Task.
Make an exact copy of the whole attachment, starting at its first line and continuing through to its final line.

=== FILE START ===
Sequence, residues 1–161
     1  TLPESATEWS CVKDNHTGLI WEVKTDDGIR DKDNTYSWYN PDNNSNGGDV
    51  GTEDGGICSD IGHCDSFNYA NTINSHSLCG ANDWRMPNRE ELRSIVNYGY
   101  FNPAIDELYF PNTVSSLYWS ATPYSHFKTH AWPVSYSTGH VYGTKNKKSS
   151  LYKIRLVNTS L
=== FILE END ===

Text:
Sequence, residues 1–161
     1  TLPESATEWS CVKDNHTGLI WEVKTDDGIR DKDNTYSWYN PDNNSNGGDV
    51  GTEDGGICSD IGHCDSFNYA NTINSHSLCG ANDWRMPNRE ELRSIVNYGY
   101  FNPAIDELYF PNTVSSLYWS ATPYSHFKTH AWPVSYSTGH VYGTKNKKSS
   151  LYKIRLVNTS L